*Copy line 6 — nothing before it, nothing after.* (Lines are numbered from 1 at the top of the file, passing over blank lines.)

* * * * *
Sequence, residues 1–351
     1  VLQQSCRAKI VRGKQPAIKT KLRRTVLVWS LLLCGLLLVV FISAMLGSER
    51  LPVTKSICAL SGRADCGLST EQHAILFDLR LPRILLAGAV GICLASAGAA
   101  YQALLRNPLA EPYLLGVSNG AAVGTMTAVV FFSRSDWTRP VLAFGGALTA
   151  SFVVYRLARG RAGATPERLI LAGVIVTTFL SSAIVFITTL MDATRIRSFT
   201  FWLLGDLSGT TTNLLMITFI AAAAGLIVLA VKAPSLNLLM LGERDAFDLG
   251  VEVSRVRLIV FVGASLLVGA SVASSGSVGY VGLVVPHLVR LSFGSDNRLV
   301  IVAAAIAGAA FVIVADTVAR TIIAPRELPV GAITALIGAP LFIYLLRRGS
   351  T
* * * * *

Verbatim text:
   201  FWLLGDLSGT TTNLLMITFI AAAAGLIVLA VKAPSLNLLM LGERDAFDLG